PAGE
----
Strutting onto the field with determination, adding flair and elegance to the performance, the color guard does their best to tell a story in the midst of the marching band, hoping the band stays on the right dot, so that no one is injured.
Color guard has given the dancers a chance to combine two of the things they love.
“Being in the color guard has been a way to express myself through dance and music,” said assistant drum major Emily Kerksiek.
Color guard members do more together than just dance and spin flags; they are a family that are always with each other first by force, then by choice.
“We are like sisters,” said color guard captain Ariel Valko, “we do everything together.”
The color guard and band embrace their differences to continue as a big band family.
Though the color guard is different than the band, they come together in a way that shows how dance and music can work in sync.
“The band and the color guard are one team,” Kerksiek said. “We may be focused on different things during the show, but we all count together and move as one.”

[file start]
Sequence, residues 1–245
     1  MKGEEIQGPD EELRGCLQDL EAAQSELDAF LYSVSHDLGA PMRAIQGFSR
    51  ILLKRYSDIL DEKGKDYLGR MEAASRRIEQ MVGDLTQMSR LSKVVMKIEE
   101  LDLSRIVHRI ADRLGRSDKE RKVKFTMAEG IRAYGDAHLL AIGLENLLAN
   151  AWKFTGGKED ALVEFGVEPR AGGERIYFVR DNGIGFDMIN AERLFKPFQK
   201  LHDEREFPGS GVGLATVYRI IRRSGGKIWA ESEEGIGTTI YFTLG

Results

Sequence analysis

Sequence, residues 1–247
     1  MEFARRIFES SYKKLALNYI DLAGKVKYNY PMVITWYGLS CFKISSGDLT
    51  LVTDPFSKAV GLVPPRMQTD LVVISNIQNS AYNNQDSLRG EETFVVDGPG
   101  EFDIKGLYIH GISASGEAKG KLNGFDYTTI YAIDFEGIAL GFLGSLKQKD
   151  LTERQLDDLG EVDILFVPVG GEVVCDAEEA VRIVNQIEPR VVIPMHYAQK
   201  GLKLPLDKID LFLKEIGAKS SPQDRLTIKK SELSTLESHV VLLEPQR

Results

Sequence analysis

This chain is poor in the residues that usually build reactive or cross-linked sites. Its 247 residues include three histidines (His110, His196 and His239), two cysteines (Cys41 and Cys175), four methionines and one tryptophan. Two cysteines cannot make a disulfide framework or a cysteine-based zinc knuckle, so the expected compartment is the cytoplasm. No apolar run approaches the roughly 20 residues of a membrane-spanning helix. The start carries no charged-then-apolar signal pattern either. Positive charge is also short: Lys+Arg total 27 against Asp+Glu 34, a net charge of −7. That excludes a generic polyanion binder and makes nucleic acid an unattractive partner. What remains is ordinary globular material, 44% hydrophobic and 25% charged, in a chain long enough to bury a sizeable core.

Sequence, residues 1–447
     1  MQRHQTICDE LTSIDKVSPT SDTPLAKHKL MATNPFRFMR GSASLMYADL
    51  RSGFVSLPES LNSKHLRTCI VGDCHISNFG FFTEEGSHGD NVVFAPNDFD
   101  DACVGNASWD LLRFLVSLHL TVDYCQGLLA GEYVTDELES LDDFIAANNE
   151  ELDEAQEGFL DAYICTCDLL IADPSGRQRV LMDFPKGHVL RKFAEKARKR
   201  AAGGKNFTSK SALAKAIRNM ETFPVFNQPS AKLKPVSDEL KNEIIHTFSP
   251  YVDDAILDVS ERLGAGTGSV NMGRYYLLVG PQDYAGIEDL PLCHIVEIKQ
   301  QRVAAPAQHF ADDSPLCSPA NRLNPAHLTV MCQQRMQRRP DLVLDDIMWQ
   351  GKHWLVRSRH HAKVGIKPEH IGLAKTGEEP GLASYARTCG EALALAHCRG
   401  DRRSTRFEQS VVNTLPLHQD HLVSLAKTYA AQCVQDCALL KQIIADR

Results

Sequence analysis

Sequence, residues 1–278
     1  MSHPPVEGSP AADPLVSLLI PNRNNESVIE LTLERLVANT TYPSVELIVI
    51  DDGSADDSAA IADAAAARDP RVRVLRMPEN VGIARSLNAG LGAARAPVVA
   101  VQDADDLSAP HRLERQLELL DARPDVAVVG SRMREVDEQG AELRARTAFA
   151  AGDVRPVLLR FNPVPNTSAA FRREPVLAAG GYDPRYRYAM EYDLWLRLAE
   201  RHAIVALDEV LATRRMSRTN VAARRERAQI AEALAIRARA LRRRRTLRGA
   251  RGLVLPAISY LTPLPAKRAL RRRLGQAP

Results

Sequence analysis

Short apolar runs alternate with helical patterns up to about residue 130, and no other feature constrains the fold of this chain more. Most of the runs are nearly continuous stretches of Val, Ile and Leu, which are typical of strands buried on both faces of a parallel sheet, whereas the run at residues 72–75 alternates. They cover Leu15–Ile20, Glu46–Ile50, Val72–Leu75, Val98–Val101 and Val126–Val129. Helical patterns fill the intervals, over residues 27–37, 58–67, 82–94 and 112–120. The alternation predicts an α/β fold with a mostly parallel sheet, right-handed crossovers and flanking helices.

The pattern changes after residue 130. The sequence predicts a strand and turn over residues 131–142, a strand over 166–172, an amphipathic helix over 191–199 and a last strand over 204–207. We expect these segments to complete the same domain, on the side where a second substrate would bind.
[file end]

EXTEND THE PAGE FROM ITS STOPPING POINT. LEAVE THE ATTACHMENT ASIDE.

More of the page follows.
In marching band, everyone is required to participate. Students cannot sit out, because if one person is missing, it throws off the entire performance. Everyone has to put forth the same amount of effort so the marching band can do a good job.
“No one sits on the bench, so we each have to be doing our best,” said Kerksiek.
The marching band and color guard are required to go to band camp to get ahead of the game during the summer. During band camp, they learn their choreography and grow closer as a team.
“We practiced for 13 hours a day for six days,” said junior Liz Madsen, “it was very mentally and physically taxing.”
Color guard is not considered a sport by most, but looks can be deceiving; color guard is harder than it seems.
“Color Guard is hard in the sense that we are moving our bodies in completely new ways. It is a mind game trying to remember every single dot and the choreography that goes with it, but it is so rewarding in the end,” Kerksiek said.